The Minority Business Accelerator, or MBA for short, was established two years ago. The aim was to pair companies with high demand for goods and services, such as Cone Health and VF Corporation (dubbed Goal Setter Companies), with
minority-owned businesses ready to supply certain needs (dubbed Portfolio Companies). GP Supply Company is one of those Portfolio Companies. It distributes mechanical, industrial and plumbing PVF supplies. Since becoming part of the MBA program, GP Supply has made important new connections, according to the company’s owner and CEO, Antonio Wallace. “One, I think it has done a great job of helping me develop a network of other small and minority-owned companies,” he said. “Two, we’re beginning to get traction with the demandside companies. We were able to get a significant sale from VF Corporation.” The establishment of the MBA in Greensboro was inspired by the Chamber’s InterCity Visit to Chattanooga, Tenn., in 2015, according to Kathi Lester, the Chamber’s Executive Vice President for Member Engagement. A task force was assembled that studied the minority business development programs in Chattanooga and two other cities: Cincinnati, Ohio, and Greenville, S.C. The Cincinnati model was chosen as one to try in Greensboro. “They had more of the demand side and the supply side, and they had a specific effort to help match companies that could support it,” Lester said. “They got some of the largest employers in Cincinnati to participate, such as Procter and Gamble.” The task force was led by Frankie T. Jones Jr., a partner with the Greensboro law firm Smith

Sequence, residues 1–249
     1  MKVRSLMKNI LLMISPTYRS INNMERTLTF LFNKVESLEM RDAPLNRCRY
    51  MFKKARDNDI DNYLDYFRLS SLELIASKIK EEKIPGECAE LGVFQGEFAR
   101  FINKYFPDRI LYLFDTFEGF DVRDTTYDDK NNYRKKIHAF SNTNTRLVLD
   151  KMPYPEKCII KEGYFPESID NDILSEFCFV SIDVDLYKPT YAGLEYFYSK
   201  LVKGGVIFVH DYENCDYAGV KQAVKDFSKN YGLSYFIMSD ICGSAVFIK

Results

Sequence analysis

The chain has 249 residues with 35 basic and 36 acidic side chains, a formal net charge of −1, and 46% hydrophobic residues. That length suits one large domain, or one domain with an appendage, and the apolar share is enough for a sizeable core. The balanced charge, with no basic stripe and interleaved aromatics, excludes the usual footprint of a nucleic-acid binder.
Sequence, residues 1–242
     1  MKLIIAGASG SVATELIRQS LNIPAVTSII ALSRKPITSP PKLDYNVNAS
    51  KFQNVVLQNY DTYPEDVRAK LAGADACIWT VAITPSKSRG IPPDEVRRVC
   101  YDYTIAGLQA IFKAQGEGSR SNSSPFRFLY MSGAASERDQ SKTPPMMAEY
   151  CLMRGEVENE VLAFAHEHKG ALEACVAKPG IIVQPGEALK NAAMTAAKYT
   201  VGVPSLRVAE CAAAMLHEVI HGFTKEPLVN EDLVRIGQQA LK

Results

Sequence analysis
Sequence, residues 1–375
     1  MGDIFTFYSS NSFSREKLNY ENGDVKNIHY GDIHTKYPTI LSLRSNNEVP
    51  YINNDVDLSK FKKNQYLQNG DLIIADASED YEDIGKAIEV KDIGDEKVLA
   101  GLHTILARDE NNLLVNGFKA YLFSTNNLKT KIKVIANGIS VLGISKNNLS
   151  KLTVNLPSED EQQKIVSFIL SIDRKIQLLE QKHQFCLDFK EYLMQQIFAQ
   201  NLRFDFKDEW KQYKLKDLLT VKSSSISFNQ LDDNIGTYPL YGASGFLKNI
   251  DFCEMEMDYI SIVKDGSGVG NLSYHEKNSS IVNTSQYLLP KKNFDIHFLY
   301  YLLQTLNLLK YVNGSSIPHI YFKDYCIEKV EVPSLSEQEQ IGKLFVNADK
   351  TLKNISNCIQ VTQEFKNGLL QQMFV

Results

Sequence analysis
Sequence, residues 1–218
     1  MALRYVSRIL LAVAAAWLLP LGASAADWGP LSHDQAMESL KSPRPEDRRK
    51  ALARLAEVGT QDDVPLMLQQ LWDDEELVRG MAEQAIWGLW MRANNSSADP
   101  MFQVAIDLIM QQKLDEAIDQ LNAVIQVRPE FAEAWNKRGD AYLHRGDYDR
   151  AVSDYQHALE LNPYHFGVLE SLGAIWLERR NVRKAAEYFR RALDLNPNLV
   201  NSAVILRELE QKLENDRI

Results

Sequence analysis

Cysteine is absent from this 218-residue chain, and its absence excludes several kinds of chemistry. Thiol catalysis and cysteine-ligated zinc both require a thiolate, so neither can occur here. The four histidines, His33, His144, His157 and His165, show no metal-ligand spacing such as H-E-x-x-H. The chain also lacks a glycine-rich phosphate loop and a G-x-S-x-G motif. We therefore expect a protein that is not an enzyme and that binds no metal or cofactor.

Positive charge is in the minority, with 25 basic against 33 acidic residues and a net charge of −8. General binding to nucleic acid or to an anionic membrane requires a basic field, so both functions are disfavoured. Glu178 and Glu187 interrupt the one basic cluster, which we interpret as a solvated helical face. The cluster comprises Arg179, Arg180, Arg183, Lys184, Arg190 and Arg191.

Moore Leatherwood, and Joe Bryant II, a human resources generalist with VF Corporation. “The real focus of group was figuring out what we could do and what that would look like,” Jones says. Ultimately the task force settled on a vision (“To make Greensboro the nation’s No. 1 destination for minority entrepreneurs to grow and develop their business”) and purpose for the MBA (“to foster the growth of local, ethnic minority-owned businesses and to expand the region’s minority entrepreneurial business sector”). Four companies were chosen as Goal Setters: BB&T, Cone Health, Duke Energy and VF. Twelve companies were chosen as Portfolio companies:
C2 Contractors, Century Products, Core Technology Molding Corporation, Corporate Distribution Services, Critek Engineering Group, GP Supply Company, NorAg Technology, R&R Transportation, Reyes Supply Company, Southeast Fuels, SRS Inc., and United Maintenance Group. For Wallace, the MBA is about more than just boosting his business or any other individual business. “I always look for the mutually beneficial type situations,” he says. “It’s not just what was good for my company, but what was good for the city and what’s good for the community. Everybody knows that small businesses drive a lot of local economies – and the U.S. Economy overall.”
Want to learn more? Check out our website for more information on our twelve Portfolio companies. Interested in joining the list? Email Joyce Gorham-Worsley to find out how. Pictured above: Mayor Nancy Vaughan, Geoff Foster, CEO/President of Core Technology Molding Corp., and Councilwoman Sharon Hightower at the groundbreaking for Core Technology Molding Corp’s expansion at Gateway University Research Park.